For human babies, human breast milk is the ideal source of food and nutrition. Due to the chemical makeup of breast milk, health organizations around the world recognize the importance of it for young children. Breastfeeding is recommended exclusively for the first six months of life. After that period, breastfeeding is still recommended, along with the addition of solid foods, for a year, two years, or even longer.
Protein content is markedly higher and carbohydrate content lower in colostrum than in mature milk. Fat content does not vary consistently during lactation but exhibits large diurnal variations and increases during the course of each nursing. Race, age, parity, or diet do not greatly affect milk composition and there is no consistent compositional difference between milks from the two breasts unless one is infected. The principal proteins of human milk are a casein homologous to bovine beta-casein, alpha-lactalbumin, lactoferrin, immunoglobulin IgA, lysozyme, and serum albumin.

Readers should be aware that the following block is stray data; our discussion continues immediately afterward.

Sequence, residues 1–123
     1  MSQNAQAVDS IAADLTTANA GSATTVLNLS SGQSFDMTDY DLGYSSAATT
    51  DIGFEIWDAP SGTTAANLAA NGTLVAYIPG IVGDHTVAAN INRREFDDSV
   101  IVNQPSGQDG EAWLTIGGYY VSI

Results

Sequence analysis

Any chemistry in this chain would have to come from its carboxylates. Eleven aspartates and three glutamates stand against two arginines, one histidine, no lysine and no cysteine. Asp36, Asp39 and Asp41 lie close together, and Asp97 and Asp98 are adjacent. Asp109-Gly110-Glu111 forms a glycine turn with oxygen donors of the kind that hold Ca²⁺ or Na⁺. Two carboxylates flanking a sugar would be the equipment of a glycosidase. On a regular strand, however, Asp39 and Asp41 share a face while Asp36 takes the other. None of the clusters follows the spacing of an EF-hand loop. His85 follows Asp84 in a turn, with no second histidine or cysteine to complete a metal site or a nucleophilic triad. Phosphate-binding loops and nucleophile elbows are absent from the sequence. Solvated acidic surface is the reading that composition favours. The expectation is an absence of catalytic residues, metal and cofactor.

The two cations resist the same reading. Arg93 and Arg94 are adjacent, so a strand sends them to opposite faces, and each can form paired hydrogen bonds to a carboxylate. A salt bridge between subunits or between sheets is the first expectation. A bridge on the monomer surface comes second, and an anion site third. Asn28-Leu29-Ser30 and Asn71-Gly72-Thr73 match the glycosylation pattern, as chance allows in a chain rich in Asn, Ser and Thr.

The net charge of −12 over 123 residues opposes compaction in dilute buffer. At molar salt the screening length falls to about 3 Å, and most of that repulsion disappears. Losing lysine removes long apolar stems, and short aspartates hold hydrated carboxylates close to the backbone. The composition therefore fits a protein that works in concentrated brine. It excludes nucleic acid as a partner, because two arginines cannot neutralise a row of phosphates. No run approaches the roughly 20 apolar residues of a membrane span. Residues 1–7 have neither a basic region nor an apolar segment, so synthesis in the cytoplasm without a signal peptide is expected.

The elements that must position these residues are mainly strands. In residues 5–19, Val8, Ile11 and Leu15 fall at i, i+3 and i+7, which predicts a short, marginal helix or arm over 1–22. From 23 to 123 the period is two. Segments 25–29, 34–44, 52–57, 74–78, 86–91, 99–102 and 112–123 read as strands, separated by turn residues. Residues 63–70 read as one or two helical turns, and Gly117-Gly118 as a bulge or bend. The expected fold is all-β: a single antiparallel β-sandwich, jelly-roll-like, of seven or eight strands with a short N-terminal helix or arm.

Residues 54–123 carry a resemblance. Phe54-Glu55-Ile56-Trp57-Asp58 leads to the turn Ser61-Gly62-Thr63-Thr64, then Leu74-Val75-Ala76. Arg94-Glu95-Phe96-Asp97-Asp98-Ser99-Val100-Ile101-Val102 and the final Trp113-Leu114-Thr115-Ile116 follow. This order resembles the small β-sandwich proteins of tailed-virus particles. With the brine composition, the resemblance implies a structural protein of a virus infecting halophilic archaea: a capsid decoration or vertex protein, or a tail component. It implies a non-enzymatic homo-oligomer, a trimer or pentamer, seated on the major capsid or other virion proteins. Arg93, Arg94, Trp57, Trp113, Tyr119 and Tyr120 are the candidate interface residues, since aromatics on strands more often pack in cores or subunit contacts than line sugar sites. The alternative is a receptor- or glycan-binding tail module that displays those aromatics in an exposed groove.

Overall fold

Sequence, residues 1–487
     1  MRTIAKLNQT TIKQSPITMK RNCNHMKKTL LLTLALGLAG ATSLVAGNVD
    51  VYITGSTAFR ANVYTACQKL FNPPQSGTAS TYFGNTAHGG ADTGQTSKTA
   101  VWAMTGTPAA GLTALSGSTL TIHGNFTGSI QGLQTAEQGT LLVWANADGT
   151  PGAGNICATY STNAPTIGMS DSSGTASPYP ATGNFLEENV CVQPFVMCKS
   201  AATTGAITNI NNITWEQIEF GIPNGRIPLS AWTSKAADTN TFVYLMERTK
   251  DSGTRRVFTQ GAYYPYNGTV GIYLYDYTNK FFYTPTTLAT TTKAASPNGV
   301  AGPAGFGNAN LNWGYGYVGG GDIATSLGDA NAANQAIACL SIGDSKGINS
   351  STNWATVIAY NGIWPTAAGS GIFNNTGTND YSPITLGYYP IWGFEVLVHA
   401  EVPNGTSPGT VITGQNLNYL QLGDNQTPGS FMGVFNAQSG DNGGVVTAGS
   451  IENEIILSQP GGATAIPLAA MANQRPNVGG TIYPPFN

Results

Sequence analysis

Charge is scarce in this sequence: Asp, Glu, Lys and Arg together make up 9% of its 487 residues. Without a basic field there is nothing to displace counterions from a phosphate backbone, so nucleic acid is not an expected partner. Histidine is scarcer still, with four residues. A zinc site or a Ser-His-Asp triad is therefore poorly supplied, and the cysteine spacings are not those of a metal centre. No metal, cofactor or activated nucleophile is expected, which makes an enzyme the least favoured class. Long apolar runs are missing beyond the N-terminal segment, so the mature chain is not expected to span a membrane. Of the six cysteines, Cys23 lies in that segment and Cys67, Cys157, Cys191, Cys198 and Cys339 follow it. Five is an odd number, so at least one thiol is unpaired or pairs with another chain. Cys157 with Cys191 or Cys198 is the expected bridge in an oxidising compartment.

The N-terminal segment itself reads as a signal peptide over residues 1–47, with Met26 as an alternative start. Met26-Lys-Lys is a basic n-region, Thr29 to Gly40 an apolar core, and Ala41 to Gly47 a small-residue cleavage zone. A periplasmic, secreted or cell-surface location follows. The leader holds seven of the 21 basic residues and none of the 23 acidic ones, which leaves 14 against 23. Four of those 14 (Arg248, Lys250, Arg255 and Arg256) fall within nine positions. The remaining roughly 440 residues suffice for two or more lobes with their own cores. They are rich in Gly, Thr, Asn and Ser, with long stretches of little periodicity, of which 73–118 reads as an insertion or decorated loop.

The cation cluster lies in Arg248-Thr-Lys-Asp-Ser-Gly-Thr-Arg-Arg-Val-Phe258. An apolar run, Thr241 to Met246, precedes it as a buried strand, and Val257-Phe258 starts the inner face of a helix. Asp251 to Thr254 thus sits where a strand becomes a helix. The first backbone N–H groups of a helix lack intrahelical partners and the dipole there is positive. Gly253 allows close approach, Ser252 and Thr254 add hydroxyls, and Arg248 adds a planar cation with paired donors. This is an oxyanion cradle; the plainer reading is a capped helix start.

Breastmilk is uniquely superior for infant feeding. It is the normal food for infants from birth. Breastmilk contains all of the essential nutrients, antibodies and other factors important for growth and development.
Breastfeeding is the biologically normal way to feed babies. Hence, the composition of breastmilk is the biological norm for human babies. Breastmilk is a dynamic fluid which changes in composition over the course of lactation and varies within and between feeds and between mothers. Its composition also varies between term and preterm infants.